~ Morning Zen Guest Blog Post - Camille Chidsey ~
I wake up in a bed I don’t know. Yellow lights, soft sighs, and three girls lying nearby on the same stiff mattresses. Everything is institutionally white: the bare walls, the tightly tucked sheets, the low ceilings, and the grizzled carpet. The sheets feel like sandpaper, rough against my skin. Memories float back, hazy and fleeting. I see ambulance lights, pills lined on cold bathroom tiles, your face in front of me as I pushed them to the back of my throat and swallowed.
This wasn’t the first time I had been in an ambulance. Once, as a child, I remember my mother on the phone, the curly beige cord looped through her fingers, twisted around her wrists. She leaned against the doorframe cradling the phone between her neck and chin. It was a sultry, summer day and she batted at me impatiently as I clenched her knees, straining for her attention. I remember crying when she told me to go outside and play. Leaning over, she swiped me, hard, against my left cheek. I was startled by its sting and started shrieking as she eyeballed me, unblinking and hateful. I remember the screen door creaking and her hand on my chest as she pushed me down the steps. I reached out for her, wedging my hands between the door frame to stand up. My mother whipped around, looked into my terrified eyes, and slammed the door as hard as she could.
I know it wasn’t an accident. She could get away with harming me; for a second no one was watching. The blood rushed from my third knuckle; part of my left middle finger was on the ground.
I don’t recall sirens from when I was four or when I was twenty; I remember the ground. Chilly white tiles when I was older, blazing cement when I was younger. “Pick it up,” my father screamed, like it was my fault. As an adult, they told me my finger didn’t detach, that a slice was lopped away, but no more. My mother shrugged when I asked and my father claimed the tendons held on. Years later, before he died, I took a chance and asked my father what happened. I will never forget his expression: he looked me in the eye, the gin translucent in his glass, and said clearly, “Yeah. It was hanging off. I held it in the ambulance so it wouldn’t fall.” Only a handful of times do I remember my father looking deeply ashamed in relation to my mother, and that was one. I never told my sisters. I don’t think they would’ve believed me. Although memory is fickle, even if I imagined the result, the part that mattered was my mother’s indifference.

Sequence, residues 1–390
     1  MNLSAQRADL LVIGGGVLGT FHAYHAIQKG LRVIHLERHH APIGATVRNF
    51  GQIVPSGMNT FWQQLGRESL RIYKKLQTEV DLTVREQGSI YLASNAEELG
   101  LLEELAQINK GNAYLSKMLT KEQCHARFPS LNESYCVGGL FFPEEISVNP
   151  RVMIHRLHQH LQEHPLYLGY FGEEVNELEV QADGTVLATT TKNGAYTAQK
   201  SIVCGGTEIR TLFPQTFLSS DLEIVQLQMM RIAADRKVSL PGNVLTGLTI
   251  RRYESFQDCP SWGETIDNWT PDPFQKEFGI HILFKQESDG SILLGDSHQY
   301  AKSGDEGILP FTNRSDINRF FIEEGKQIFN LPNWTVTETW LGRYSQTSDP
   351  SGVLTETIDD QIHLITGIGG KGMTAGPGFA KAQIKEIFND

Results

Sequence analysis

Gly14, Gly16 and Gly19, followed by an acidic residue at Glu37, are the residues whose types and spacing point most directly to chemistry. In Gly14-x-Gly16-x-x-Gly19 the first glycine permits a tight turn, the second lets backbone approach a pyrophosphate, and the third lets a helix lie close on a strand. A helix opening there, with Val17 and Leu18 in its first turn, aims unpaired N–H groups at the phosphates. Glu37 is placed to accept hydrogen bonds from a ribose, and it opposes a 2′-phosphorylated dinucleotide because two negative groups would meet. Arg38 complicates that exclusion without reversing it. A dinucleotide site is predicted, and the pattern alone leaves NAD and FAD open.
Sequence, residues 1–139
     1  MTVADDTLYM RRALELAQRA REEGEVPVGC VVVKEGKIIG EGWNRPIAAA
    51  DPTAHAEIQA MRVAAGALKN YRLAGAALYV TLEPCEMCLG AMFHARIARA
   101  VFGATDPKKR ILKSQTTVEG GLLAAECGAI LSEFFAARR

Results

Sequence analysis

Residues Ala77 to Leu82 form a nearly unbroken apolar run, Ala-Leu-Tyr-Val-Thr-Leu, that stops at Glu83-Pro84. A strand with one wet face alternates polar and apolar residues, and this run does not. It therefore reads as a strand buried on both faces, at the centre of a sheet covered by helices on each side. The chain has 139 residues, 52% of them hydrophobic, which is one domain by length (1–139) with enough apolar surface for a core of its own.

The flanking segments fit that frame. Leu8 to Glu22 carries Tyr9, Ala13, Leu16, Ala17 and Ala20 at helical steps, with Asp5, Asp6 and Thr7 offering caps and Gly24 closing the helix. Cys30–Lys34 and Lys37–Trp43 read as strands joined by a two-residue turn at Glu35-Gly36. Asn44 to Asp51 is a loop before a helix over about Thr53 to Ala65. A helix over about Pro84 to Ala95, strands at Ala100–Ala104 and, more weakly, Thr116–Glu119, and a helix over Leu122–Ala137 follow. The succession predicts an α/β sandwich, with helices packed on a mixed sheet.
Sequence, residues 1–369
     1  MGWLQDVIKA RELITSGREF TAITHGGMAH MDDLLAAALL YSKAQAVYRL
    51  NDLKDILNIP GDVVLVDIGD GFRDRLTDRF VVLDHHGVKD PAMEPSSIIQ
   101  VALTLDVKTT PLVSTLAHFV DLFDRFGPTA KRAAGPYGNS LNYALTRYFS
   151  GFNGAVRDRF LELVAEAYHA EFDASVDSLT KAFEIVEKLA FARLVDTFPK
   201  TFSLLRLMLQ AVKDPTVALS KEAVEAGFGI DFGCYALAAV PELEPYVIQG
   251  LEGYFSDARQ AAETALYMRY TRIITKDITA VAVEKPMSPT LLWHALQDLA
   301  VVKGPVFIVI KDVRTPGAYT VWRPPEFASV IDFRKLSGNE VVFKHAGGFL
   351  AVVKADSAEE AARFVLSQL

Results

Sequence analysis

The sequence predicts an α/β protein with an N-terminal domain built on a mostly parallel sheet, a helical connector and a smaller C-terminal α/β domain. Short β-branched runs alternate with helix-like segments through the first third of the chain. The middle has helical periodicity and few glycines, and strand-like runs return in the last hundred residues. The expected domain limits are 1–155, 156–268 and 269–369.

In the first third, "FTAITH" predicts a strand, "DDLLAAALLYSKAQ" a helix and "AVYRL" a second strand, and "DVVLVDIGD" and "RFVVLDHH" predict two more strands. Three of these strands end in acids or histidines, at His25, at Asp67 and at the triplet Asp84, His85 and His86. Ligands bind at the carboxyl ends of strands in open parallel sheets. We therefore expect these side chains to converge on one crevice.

The real story is this: The doctor reattached my finger from the third knuckle, but they couldn’t save it all. The tip is missing, the soft fleshy pad darker than the rest. Sometimes my knuckle twists and pops, and I envision a bloody stump on the hot cement. I remember feeling nauseous staring at the ambulance’s ceiling, an oxygen mask over my face. At home, I laid on the brown carpet, looking into my father’s brown eyes. My mother wasn’t in the ambulance; she was barely in the living room. She sat to the side, smoke curling towards the ceiling, calm and aloof. Her betrayal is fused into me; I’m reminded of it every day when I play the guitar, comb my hair, slide my fingers into gloves for harsh Michigan winters.
Those who struggle with mental illness live in a constant state of vulnerability. The systems designed to protect us sometimes take advantage of us in the worst ways. My mother enabled my illnesses, but she couldn’t have prevented mine—or hers. So I did what I needed to do to begin healing: I left. Suffocated by untold stories and unanswered questions, I moved to Pittsburgh, a city I’d never been and didn’t know a soul. I don’t regret anything. I want to believe that happiness is not found in the bottom of a wine glass, that joy is not linked to luck. I brought my stories with me to channel heartache into art, to make a positive change in the community and in myself. I still struggle with feeling like happiness is expendable, that a finite amount of it exists in the universe. But as the lump in my chest dissolves, I recognize there is mercy in chaos and opportunity in redemption.
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Camille Chidsey is the author of one of the essays from Lee Gutkind's most recent workshop on "Writing Away the Stigma."